Philip Gerard: Great Teacher of Great Writers
When Philip Gerard died November 7 in Wilmington, North Carolina lost one of its most productive and multitalented writers.
His students and colleagues in the creative writing department at UNC-Wilmington would remind us of his great talent as a teacher and mentor to other writers.
As an engaging fiction writer, he was careful to keep his stories’ underlying factual basis strictly accurate. For instance, his 2016 novel, “The Dark of the Island,” weaves a story line that brings together facts about German submarines and spying along our coastline together with fictional efforts to find and exploit oil deposits off those same shores.
The main character, Nick Wolf, is a researcher and publicist for the fictional NorthAm Oil Co., which is searching for oil off the North Carolina coast. NorthAm sends Wolf to the Outer Banks to persuade the locals that oil drilling off their coast would be a good thing for them.
Wolf’s grandfather was a German immigrant who died off the coast of Hatteras Island in 1942 reportedly while serving in the U.S. Merchant Marines, but possibly as a part of the German military.
Out of this intriguing background, Gerard’s fiction emerges as an entertaining and provocative read.
As a talented writer of non-fiction, he knew how to weave the facts into compelling stories that held the attention of his readers.
In one of my favorites, “Down the Wild Cape Fear: A River Journey through the Heart of North Carolina,” I learned a lot about history, nature, environmental protection and degradation, public policy, human nature, and man’s search to find a proper place in the world he did not create.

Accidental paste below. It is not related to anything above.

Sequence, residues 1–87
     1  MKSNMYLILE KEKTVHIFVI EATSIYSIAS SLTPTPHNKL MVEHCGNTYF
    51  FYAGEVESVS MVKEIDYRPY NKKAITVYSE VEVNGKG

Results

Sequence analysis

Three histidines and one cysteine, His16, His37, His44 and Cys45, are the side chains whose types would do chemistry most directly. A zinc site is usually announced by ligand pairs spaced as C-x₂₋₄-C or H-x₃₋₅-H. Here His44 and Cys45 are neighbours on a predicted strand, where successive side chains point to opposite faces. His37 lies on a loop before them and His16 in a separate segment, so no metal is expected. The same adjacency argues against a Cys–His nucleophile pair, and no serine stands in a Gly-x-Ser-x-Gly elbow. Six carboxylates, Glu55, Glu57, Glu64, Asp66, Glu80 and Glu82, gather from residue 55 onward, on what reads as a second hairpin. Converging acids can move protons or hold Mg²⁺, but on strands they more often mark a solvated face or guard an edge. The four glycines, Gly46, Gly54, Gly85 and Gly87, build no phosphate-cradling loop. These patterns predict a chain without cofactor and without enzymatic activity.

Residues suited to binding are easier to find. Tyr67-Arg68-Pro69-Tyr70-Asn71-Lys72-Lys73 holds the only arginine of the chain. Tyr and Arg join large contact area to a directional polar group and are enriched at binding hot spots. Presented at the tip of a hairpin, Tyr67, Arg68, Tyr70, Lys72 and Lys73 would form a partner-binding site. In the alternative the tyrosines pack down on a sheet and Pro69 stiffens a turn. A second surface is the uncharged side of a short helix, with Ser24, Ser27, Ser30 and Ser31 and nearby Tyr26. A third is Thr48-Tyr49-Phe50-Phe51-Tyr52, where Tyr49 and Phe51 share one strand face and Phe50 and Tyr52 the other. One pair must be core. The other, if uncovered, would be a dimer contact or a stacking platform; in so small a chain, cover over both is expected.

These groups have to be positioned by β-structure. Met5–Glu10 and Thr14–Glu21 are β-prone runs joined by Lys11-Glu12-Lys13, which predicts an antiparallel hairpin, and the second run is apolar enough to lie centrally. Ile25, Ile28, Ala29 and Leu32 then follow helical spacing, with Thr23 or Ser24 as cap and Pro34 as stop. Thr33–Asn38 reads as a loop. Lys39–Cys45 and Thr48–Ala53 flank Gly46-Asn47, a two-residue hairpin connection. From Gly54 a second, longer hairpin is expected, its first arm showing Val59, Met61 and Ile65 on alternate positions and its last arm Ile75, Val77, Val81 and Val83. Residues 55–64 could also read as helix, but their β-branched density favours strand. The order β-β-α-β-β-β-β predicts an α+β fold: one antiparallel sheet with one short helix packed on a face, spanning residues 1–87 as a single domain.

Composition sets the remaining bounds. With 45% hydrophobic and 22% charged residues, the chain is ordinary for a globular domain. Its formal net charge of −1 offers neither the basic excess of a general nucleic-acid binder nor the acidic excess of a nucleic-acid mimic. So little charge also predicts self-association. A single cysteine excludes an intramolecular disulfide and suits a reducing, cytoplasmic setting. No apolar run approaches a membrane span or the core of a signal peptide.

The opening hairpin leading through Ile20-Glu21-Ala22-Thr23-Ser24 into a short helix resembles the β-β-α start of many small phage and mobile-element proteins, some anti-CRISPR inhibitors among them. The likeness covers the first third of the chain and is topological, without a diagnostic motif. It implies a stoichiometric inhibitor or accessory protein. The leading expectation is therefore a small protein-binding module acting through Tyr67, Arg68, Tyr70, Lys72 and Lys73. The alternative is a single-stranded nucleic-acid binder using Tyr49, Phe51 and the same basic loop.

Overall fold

Thanks to Gerard’s great writing, I experienced the drama, the challenges, the joys and the setbacks that are the seasonings of any journey through unfamiliar parts.
Starting, few miles below Jordan Lake where Haw River joins Deep River to form the Cape Fear, Gerard canoes downstream, passing by Raven Rock State Park before reaching the bridge at Lillington, getting through three sets of dams and locks, all the way to Fayetteville. Then, with the rapids behind, switching to a powerboat to follow the river as it passes Elizabethtown, he is on the way to Wilmington and into the ocean beyond Bald Head Island.
We can still benefit from Gerard’s stimulating writing. In May Blair/Carolina Wren Press published his latest book, “North Carolina in the 1940s: The Decade of Transformation.”
Based on a series of articles Gerard wrote for Our State Magazine, his new book, in 13 short chapters, takes a look at North Carolina in the 1940’s. No one book, especially a short one, can adequately cover an entire decade. But Gerard’s selection and description of important topics gives his readers an informed introduction to the entire period.
Gerard’s small book covers: the 1940 hurricane that brought deathly floods to the mountains of North Carolina, the origins of the “Unto These Hills” (a theatrical extravaganza depicting Cherokee life and history), challenges of land ownership for black North Carolinians, the polio epidemic, construction of the Fontana Dam and the painful relocation of local residents, the powerful 1944 storm that lashed the Outer Banks, strikes at Reynolds Tobacco in 1943, Black Mountain College and its shocking liberalism in conservative North Carolina, the establishment of the Marine Corps training facility at Camp Lejeune, and finally the “sensitive, steady, and reliable leadership” of Gov. Mel Broughton.
If these topics are not enough for you, there is some good news. Gerard left another book for us, “North Carolina in the 1950s: The Decade in Motion,” set for publication in March 2023.
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D.G. Martin, a lawyer, served as UNC-System’s vice president for public affairs and hosted PBS-NC’s North Carolina Bookwatch.